Yosh Han is the independent perfumer success story. Her journey couldn’t be further from the typical path to the perfume industry. Han was born in Taiwan, not Grasse; her mother was an ikebana practitioner, not a third-generation perfumer. No privileges. No shortcuts. She is utterly, awe-inspiringly self-made.
Han’s perfume career began in 1994, when she walked into a fragrance boutique in Colorado. In what she calls a “truth stranger than fiction moment”, Han told the shop’s manager that she felt destined to work there. “After the manager turned me away a few times, the owner came out of the shop and had a good feeling about me and hired me on the spot. I ended up becoming the Assistant Manager right away and worked there for 3 years, creating custom fragrances for people.”
20 years later, Yosh has achieved almost unparalleled success as an independent perfumer. Her fragrance line is carried by Barney’s New York; she created a fragrance collection for Anthropologie in 2013. As far as I’m concerned, no list of pioneering female perfumers would be complete without her on it.
In my research for this post, what I was most impressed by was Yosh’s openness and honesty about the evolution of her process as a perfumer. From an excellent interview with Perfume Polytechnic:
I originally blended everything by hand when I first started my business. I still do the concepting and aromatic sketches by hand. In the last few years, I started working with Robertet and their in-house perfumer, Olivia Jan. For the last three launches, we worked collaboratively and won a Golden Pear award from the Institute of Arts and Olfaction for my men’s fragrance, König, a scent inspired by the Bavarian forest. We worked on three subsequent fragrances that will launch in 2016. I feel like the film director and she, the cinematographer. It is a very close relationship that is really rewarding.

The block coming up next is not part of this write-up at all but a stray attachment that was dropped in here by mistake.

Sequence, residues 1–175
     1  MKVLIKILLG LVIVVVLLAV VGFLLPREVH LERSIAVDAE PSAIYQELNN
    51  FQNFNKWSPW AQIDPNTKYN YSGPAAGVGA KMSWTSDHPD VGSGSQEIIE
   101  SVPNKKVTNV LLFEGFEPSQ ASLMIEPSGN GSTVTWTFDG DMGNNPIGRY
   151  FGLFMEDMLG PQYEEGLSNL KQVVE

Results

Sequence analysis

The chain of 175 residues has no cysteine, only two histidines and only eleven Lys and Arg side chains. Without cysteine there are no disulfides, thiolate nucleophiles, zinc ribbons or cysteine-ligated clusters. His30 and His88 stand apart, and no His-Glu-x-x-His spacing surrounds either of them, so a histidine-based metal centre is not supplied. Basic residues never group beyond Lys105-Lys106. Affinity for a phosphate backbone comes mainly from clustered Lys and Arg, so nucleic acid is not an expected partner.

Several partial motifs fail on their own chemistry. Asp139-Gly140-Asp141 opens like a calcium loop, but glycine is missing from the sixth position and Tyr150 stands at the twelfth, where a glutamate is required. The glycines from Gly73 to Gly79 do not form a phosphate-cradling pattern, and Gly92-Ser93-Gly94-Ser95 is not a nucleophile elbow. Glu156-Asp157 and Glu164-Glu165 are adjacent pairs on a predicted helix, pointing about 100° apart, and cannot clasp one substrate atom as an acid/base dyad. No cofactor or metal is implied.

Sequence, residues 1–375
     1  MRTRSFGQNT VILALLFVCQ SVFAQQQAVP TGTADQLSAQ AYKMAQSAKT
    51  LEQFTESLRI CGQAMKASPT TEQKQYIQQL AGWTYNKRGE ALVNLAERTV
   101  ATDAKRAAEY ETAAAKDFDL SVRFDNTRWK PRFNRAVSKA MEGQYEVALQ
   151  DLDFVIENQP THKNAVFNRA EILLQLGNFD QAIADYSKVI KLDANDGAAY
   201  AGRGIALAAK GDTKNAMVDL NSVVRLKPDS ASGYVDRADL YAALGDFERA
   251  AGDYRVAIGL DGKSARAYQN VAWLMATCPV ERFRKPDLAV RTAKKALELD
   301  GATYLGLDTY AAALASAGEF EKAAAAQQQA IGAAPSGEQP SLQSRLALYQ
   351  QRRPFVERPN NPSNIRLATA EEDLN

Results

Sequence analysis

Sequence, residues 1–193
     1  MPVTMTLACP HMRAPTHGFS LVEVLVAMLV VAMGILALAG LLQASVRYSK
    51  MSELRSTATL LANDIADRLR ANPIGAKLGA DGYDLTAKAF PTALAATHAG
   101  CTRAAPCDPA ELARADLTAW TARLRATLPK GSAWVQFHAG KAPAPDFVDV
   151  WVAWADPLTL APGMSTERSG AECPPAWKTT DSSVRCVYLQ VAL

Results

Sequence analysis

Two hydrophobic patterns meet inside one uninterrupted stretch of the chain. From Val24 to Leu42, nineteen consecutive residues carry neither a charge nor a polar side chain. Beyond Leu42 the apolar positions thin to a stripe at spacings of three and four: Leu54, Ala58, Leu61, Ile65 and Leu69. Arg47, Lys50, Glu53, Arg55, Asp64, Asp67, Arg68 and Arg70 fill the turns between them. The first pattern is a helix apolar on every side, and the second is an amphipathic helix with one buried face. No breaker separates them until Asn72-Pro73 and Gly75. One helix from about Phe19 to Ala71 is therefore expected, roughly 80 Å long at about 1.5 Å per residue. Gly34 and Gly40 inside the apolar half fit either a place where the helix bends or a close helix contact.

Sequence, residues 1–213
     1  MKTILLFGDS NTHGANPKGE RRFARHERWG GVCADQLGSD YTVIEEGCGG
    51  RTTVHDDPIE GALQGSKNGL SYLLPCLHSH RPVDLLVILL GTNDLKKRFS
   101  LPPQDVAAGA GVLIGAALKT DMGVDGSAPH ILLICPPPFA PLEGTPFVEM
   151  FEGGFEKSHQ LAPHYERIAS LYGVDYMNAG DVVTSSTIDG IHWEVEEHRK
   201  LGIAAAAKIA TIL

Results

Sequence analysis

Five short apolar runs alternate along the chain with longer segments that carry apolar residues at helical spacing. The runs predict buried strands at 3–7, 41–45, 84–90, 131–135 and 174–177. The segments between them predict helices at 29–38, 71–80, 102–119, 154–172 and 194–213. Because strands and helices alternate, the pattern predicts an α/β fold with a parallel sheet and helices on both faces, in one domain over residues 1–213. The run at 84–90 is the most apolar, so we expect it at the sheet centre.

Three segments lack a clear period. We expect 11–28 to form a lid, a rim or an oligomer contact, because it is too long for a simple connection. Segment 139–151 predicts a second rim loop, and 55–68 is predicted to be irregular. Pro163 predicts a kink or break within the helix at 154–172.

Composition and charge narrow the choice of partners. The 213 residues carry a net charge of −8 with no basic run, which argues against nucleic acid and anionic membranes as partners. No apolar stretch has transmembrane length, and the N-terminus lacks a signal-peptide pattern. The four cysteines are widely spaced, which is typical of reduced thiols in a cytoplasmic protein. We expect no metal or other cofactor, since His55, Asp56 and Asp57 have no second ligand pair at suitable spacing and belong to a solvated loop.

Acknowledging that one of the most acclaimed fragrances of one’s career resulted from a collaboration is highly unusual in an industry that tends towards secrecy and hyperbole. I can think of more than a few “master perfumers” who keep any outside contribution quiet for fear of damaging that Master Perfumer image. Crediting her collaborators rather than taking full credit for herself only deepened my respect for Ms. Han.